FLORENCE, Ala. (WHNT) — Florence city officials reached a tentative agreement to settle a free speech lawsuit brought by Project Say Something, who staged dozens of protests against a confederate monument between 2020-2022 in the city.
In order for the settlement to be fulfilled, the city council had to pass new parade and noise ordinances.
Chapter 17 of the city’s code regarding parade permits was amended at the last city council meeting in September. During Tuesday’s city council meeting, council members voted unanimously to amend Chapter 15 regarding noise.
As it stands now, the amended Chapter 17 code simplifies how one can get a permit, when a permit is needed, and the timing of getting that permit.
The amended Chapter 15 code now provides specific sound levels, times of day, and identifies city zones as it pertains to noise. Noise levels will be measured on a decibel device by a police officer.
“Having this noise ordinance revised is such a big deal to me. So, coming out and supporting it and having this be a win for us – it’s a great thing,” Project Say Something Communications & Networking Director Kyliee Davis-Ransom said.
The vote to amend these city codes comes after Project Say Something led protests against the confederate monument outside the Lauderdale County Courthouse, known as ‘Eternal Vigil.’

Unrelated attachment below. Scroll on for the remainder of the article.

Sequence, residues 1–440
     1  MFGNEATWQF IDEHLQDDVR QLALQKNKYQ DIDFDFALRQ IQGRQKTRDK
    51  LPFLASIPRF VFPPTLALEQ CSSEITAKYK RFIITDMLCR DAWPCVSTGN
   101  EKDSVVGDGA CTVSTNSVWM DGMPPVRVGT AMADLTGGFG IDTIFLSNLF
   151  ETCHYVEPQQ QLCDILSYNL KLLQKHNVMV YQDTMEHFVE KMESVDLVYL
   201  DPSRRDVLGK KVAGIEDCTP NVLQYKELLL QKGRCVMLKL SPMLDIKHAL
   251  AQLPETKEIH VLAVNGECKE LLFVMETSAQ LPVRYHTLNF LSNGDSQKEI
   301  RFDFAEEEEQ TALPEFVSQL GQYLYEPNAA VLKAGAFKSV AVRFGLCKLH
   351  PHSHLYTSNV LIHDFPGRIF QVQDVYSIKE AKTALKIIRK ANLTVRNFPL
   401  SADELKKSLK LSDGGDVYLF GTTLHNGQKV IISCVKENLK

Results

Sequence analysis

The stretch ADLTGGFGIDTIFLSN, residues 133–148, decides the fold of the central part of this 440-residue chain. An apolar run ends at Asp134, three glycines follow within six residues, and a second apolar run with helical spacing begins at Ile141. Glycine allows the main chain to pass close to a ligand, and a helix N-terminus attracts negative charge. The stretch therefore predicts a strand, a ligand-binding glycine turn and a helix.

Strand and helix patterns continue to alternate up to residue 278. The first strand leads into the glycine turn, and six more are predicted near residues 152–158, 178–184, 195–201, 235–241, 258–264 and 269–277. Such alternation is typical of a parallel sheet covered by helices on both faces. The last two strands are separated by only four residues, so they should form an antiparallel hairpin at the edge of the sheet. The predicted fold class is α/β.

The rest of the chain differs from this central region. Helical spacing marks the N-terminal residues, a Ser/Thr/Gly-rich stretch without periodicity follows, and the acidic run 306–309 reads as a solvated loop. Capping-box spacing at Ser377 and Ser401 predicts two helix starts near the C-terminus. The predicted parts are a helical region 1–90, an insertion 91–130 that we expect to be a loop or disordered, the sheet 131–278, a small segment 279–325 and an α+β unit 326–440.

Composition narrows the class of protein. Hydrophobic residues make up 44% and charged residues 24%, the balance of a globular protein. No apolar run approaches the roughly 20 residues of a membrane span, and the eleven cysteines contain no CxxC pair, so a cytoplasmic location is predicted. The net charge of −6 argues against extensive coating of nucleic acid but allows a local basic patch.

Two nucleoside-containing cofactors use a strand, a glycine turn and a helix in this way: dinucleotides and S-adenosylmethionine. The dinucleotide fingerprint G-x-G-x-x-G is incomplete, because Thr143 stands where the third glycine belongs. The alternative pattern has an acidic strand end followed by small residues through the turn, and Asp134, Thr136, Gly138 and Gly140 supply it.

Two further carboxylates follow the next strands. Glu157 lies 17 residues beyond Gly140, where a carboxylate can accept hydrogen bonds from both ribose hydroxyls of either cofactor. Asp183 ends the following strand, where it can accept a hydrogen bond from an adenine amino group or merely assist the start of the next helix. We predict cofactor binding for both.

The organization filed a lawsuit after they said the city used its noise ordinance to stifle them, and its parade ordinance kept them in a “protest zone” at the intersection of Court Street and Tennessee Street.
“We can go through our daily lives and pretend that we’re united…we’re progressive…we’re better than we ever have been…but I think that monument still standing there is a constant reminder that we haven’t progressed as far as we like to think,” Project Say Something Co-Deputy Director Lee Murkey said.
Now that the settlement has been fulfilled, Project Say Something is pushing forward with its goal.
“We will never, ever, ever give up. We will continue to protest when we need just like we did before. They need to look forward to seeing a marker that describes the hate and racism that the statue represents. We are never going anywhere,” Project Say Something Founder Camille Bennett stated.
The monument outside the courthouse is property controlled by the Lauderdale County Commission. Under Alabama’s 2017 Memorial Preservation Act, removing or altering monuments more than 40 years old carries a $25K fine.